Evolution of increased cold tolerance during range expansion of the elongate hemlock scale Fiorinia externa Ferris (Hemiptera: Diaspididae)

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1. Alien species often face novel challenges to their spread and population growth. One critical hurdle often involves an organism's ability to tolerate environmental extremes characteristic of their invaded range. Although abiotic factors often determine range limits, there is less evidence for local adaptation in invasive organisms whose initial arrival and rapid population growth is separated by a lengthy lag period. 2. The invasive elongate hemlock scale Fiorinia externa feeds on Eastern hemlock, Tsuga canadensis, on the east coast of North America. Following its 1908 arrival, it remained localised until entering a period of rapid northward range expansion in the 1970s. 3. The present study tested the survival of overwintering F. externa populations from four sites in the north and south of the invaded range (n = 8 sites total) when exposed to -15°C for 0-36 h. 4. This experiment was repeated on F. externa offspring that had been reared in a common-garden environment in order to control for parental effects. 5. Northern populations were more tolerant of exposure to cold temperatures than were southern populations. This held true in both the source-population experiment and common-garden experiment. The common-garden experiment demonstrates that this difference has a genetic basis and may be the consequence of local adaptation to lower winter temperatures. 6. The results provide evidence for local adaptation to extreme temperatures in F. externa. This provides one possible explanation for the lag period between the arrival of this species and its eventual northward range expansion. © 2008 The Authors.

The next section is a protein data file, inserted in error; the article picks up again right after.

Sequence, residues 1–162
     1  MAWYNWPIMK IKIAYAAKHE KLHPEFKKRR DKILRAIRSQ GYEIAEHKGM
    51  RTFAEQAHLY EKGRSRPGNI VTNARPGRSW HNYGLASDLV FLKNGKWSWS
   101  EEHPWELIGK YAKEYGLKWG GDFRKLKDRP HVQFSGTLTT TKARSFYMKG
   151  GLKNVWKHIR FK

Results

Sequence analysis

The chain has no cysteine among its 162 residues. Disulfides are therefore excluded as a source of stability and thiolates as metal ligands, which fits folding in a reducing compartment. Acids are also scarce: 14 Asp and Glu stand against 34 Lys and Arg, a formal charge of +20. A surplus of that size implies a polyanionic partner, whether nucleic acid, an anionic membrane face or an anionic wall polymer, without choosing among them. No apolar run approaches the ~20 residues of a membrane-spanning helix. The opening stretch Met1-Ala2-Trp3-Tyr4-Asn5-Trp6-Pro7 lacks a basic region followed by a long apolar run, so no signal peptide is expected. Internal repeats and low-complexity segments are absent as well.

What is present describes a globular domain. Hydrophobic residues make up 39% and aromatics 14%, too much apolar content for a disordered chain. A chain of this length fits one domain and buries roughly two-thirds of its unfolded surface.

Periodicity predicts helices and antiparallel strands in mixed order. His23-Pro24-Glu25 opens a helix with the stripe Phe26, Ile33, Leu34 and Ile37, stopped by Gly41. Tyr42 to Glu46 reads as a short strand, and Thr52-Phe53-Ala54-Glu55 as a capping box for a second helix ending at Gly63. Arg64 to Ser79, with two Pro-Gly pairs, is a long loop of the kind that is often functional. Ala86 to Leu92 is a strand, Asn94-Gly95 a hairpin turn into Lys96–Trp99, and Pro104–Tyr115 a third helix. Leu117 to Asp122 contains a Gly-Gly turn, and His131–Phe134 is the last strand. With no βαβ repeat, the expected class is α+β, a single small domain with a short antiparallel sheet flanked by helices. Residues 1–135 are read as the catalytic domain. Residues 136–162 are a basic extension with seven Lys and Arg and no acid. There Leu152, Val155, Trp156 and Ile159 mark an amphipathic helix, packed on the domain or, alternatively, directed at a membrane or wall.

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Ecological Entomology